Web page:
As mentioned in a previous blog, the ACA, also known as Obamacare, or as I like to call it, ObamaScare, is a huge monstrosity of legislation passed to address problems in our health care system, namely cost and access. Let’s look at just one of those.
Pre-existing conditions: This is a biggy. This is the common insurance policy of denying benefits for a certain time period (commonly one year) for ailments that the insured person already has. For example, chronic (long term) conditions such as diabetes or high blood pressure would not be covered.
This can get tricky, because say for example a person is diagnosed with cancer after being insured. The insurer could possibly argue that the cancer was present before the policy was issued and not cover it. Lots of law suits, lots of wiggle room and a general nightmare. If a person changed jobs, or otherwise loses his/her insurance he/she may have to start the year wait all over again. So, ACA outlawed the pre-existing clause. A Band-Aid. Yippee! But, of course, there are consequences.
The pre-existing clause was established for good reason. Insurers don’t just think things up just to be difficult, it just seems that way. Well, maybe some of them do, but that’s another blog. The reason is to prevent people from buying insurance only when they need it. The whole concept of insurance is that it’s a big pool of money; everybody puts in a little bit, and most don’t take much out. The few that have something major, like a heart attack, take out more, but it all balances out. Now what if people only put money in the pool when they had a heart attack? This is called adverse selection, and it wreaks havoc on insurance premiums.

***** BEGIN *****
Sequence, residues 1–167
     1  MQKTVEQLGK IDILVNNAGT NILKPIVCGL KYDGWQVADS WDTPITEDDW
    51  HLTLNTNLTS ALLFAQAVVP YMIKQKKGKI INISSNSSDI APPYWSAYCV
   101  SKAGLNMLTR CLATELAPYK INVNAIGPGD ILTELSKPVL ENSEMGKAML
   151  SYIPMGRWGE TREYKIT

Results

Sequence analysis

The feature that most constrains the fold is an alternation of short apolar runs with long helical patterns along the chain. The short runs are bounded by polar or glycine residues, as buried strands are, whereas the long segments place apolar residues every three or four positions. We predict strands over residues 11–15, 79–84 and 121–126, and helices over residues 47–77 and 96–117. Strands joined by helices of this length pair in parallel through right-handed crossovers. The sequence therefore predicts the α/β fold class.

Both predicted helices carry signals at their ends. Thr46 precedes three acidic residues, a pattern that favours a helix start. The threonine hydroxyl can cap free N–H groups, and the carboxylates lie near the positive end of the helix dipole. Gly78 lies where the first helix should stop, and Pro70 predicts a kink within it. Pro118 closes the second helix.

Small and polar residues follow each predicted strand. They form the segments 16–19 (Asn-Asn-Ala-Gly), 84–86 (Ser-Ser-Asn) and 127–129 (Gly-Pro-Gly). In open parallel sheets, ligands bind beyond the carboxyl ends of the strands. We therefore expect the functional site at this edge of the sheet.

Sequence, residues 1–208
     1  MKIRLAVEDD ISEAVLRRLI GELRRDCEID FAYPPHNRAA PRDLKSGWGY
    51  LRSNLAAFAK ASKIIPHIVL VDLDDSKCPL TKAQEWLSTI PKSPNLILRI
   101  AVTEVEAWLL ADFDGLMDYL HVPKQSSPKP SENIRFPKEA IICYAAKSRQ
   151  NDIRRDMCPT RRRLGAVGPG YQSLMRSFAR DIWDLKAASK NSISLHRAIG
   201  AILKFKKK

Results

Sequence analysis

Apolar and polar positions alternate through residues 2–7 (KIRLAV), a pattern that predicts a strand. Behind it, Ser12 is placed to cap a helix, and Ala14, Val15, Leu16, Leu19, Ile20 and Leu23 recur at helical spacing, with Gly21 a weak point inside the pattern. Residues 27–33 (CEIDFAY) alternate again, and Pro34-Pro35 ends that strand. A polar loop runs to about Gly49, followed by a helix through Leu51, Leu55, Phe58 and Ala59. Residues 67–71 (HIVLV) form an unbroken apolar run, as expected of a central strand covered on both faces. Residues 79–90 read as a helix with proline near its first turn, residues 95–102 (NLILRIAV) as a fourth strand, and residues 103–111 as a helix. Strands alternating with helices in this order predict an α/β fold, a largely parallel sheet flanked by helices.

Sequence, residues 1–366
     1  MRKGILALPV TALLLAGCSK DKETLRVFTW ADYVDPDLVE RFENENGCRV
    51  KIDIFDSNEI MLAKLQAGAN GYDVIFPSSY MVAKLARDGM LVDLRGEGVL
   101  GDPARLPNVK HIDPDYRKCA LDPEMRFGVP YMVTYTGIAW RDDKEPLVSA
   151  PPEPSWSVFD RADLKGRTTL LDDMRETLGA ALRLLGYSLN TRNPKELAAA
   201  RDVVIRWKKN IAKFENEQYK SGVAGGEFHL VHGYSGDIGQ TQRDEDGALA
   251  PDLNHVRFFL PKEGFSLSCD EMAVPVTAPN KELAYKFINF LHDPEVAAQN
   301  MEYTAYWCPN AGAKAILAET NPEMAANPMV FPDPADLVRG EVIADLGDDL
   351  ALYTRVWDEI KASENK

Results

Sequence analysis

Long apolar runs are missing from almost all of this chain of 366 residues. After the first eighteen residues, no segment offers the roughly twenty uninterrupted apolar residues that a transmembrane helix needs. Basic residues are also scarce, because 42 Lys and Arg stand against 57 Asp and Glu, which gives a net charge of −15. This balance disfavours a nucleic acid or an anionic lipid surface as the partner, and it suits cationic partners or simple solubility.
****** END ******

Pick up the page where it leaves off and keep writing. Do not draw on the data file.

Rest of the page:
So the crafters of the ACA didn’t want this to happen, so they said everybody must pay into the system. A Band-Aid. But then there’s the little problem that not everyone can afford to pay in. There will be subsidies. Another Band-Aid. Then there’s the niggly issue of freedom of choice- maybe some just don’t want insurance. Fine, they will pay a penalty instead. Band-Aid. Now what happens if someone opted out, but then has a heart attack? Hmmm, no pre-existing clause, so he/she can sign up right then and be covered. So why pay for the insurance before you need it? Houston, we have a problem. Not enough people in the pool.
This is just one example of inherent complexity of health insurance. The private insurance industry has wrestled with these issues since the 1930’s. It seems there wasn’t much consulting going on, and no cohesive strategy was formed. Rather than use this knowledge and experience, ObamaScare seems to be a beehive of bandaids.
©Tracey Enerson Wood All rights reserved.